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How Diet Coke and low-calorie substitutes may actually make your body to gain weight

Scientists claim that low-calorie substitutes in food and drink may actually make fool your body into gaining weight.

An American research team from Purdue University in Indiana discovered that the taste of fat and sugar gears the body up to expect a high-calorie hit.

When low-calorie substitute doesn’t come the body’s mechanism for controlling food intake becomes confused, making us eat more.

The Purdue University research team carried out a series of experiments on laboratory rats.


Professor of psychological sciences Susan Swithers said: “Substituting a part of the diet with a similar tasting item that has fewer or zero calories sounds like a common-sense approach to lose weight, but there are other physiological functions at work.

“These substitutes are meant to mimic the taste of fat in foods that are normally high in fat while providing a lower number of calories, but they may end up confusing the body.

“Tastes normally alert the body to expect calories, and when those calories aren’t present we believe the systems become ineffective and one of the body’s mechanisms to control food intake can become ineffective.

“When the mouth tastes something sweet or fatty it tells the body to prepare for calories, and this information is key to the digestive process.

“This is a reminder to not discount the roles that taste and experience with food play in the way the body’s systems work together.”

Professor Susan Swithers, based at the Ingestive Behaviour Research Centre, added: “We didn’t study this in people, but we found that when rats consumed a fat substitute, learned signals that could help control food intake were disrupted, and the rats gained weight as a result.”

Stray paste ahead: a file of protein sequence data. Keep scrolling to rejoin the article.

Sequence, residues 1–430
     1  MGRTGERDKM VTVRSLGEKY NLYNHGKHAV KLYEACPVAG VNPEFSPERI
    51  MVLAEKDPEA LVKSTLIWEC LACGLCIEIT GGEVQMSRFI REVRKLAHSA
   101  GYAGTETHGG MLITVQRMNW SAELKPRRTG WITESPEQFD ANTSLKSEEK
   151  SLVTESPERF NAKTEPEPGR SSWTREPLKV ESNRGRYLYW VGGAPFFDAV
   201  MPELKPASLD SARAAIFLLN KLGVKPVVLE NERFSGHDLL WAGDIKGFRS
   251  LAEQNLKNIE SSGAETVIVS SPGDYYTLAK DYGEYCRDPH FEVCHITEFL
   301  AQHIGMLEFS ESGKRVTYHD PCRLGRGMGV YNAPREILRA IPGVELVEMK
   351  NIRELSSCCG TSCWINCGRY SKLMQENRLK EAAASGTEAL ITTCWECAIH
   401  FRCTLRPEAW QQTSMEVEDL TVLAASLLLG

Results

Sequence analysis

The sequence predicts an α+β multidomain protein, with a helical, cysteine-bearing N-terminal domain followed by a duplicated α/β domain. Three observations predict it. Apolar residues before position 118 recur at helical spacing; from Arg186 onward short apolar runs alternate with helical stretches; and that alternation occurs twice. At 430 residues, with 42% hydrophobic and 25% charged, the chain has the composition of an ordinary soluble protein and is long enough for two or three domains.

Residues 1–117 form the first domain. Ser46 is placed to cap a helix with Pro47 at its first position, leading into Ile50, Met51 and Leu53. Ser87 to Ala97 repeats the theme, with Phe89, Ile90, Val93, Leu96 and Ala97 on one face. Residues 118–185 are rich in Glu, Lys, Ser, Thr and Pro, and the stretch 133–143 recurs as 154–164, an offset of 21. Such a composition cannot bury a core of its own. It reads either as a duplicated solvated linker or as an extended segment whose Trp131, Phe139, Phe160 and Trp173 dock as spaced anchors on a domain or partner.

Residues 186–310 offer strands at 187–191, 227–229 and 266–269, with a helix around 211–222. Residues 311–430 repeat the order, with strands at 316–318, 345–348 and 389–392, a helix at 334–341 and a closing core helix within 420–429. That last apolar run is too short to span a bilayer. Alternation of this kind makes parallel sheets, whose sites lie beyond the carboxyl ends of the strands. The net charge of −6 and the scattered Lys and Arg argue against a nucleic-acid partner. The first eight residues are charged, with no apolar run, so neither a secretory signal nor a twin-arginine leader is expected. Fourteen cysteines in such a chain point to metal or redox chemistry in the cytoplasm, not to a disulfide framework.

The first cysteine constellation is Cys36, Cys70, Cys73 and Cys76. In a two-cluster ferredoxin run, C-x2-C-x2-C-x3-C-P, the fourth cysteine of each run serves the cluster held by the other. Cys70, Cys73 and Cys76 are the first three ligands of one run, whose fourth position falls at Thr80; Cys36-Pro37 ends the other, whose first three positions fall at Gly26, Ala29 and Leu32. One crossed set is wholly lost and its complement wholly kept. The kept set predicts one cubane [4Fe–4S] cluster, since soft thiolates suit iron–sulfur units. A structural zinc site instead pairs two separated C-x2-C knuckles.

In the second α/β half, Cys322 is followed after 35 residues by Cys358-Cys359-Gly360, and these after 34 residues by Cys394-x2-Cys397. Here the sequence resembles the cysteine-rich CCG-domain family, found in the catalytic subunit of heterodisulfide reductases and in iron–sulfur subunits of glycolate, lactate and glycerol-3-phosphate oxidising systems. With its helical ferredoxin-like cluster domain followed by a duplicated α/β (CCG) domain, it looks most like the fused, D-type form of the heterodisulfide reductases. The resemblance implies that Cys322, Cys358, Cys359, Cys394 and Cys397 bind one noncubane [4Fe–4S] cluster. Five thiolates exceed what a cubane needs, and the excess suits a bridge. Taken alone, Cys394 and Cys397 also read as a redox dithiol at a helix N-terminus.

Scientists claim that low-calorie substitutes in food and drink may actually make fool your body into gaining weight

Scientists claim that low-calorie substitutes in food and drink may actually make fool your body into gaining weight

The research team fed laboratory rats with crushed crisps as a supplement to their diet, and they were then divided into two groups that were given either a low-fat diet or a high-fat diet.

These groups were then each split into two smaller groups. One group on each diet was fed a mixture of high-fat crisps and the fat-substitute crisps, containing olestra, which is a synthetic fat with no calories, while the other group received only high-fat crisps.

After 28 days, of the animals maintained on the high-fat diet, the rats given fat-substitute crisps gained more weight and developed more fatty tissue than those on regular high-fat crisps.

Study co-author Professor Terry Davidson said: “We are looking at an animal model, but there are similarities for humans, and based on what we found, we believe that our findings question the effectiveness of using fat substitutes as part of a long-term weight loss strategy.”

The study findings appear online in Behavioural Neuroscience, which is published by the American Psychological Association.